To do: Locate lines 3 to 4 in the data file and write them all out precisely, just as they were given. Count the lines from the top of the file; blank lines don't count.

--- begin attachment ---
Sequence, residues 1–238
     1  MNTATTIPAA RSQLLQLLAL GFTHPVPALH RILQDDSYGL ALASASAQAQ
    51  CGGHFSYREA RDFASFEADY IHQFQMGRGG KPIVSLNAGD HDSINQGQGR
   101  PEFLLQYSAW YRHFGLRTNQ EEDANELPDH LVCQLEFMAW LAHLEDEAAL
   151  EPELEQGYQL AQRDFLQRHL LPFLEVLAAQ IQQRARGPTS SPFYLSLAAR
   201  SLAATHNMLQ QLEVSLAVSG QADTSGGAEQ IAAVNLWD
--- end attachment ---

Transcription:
    51  CGGHFSYREA RDFASFEADY IHQFQMGRGG KPIVSLNAGD HDSINQGQGR
   101  PEFLLQYSAW YRHFGLRTNQ EEDANELPDH LVCQLEFMAW LAHLEDEAAL